“Artists must be sacrificed to their art. Like bees, they must put their lives into the sting they give.” Ralph Waldo Emerson
As an artist I need to work alone in the privacy of my studio in order to concentrate fully on my work.
As I have often commented, when I am working, painting, I need to spend as many hours as I can separate from the rest of the world.
I may have contact with other artists, carefully selected among those who are not talkative by nature, who paint every day, who paint for their living, who have the same needs as mine of tranquility, silence and isolation.
I need to disappear for weeks at a time into my work, into my studio, happy to communicate only with a restricted number of people, people I eat with, sleep with; those few are more than sufficient. Social indulgences are all very pleasant, but they must be channeled and limited in order for me not to drown in them.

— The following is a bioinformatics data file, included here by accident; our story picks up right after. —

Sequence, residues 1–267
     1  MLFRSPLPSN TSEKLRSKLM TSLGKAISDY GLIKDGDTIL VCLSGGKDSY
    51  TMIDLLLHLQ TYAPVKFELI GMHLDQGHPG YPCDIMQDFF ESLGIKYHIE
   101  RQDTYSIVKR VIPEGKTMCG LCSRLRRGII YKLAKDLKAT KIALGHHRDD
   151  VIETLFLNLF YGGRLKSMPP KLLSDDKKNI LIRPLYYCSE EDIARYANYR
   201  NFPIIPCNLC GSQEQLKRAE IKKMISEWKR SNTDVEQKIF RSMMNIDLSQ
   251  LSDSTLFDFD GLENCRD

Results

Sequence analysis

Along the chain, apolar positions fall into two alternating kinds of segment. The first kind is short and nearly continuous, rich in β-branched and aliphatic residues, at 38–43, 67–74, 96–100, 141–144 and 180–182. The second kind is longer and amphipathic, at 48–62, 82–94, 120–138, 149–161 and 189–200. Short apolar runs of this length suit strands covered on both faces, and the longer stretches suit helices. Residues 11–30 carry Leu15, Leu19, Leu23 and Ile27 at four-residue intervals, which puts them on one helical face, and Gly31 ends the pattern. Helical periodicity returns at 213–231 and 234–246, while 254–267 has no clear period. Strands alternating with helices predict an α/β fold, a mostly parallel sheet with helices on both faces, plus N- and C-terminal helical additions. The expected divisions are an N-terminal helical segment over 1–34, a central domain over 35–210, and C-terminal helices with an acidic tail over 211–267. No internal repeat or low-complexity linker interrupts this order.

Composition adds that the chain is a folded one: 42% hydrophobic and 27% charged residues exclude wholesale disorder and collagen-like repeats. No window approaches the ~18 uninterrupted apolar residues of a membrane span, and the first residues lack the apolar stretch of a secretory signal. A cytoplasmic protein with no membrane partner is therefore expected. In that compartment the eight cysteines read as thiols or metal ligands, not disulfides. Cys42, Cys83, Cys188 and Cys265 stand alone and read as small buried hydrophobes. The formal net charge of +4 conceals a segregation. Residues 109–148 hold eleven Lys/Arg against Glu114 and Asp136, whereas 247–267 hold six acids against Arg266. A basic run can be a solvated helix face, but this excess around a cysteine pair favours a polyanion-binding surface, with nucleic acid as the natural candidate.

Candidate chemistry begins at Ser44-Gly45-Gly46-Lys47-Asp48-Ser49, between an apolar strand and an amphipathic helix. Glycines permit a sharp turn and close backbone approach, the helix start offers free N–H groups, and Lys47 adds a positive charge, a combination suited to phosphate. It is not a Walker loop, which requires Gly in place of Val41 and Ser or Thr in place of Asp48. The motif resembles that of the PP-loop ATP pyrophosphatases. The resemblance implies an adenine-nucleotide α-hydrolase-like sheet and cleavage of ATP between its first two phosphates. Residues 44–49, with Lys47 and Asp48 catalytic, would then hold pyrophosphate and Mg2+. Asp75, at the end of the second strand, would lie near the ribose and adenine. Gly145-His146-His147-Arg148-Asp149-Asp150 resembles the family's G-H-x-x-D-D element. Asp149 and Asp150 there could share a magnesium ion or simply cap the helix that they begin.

My work could not be done with people talking or moving around; even the sound of a page being turned can be enough to distract me.
My worst nightmare is meeting people, going out for dinners, parties, where people stand with a glass of wine while I am obliged to listen to whatever they have to say. It simply destroys days of careful, fragile sacred preparation. My quiet, settled environment, my whole sense of direction can be ruined, lost.
Nor can I visit any exhibitions when I am painting: they would influence my work, perhaps to the point where my flow of ideas is interrupted. Certainly I would risk being swayed towards moving in other directions and distracted from finishing my preparation. Such small details can trigger a suggestion or an inspiration, and should I move to another idea it is too late: once distracted, I cannot go back to my initial work.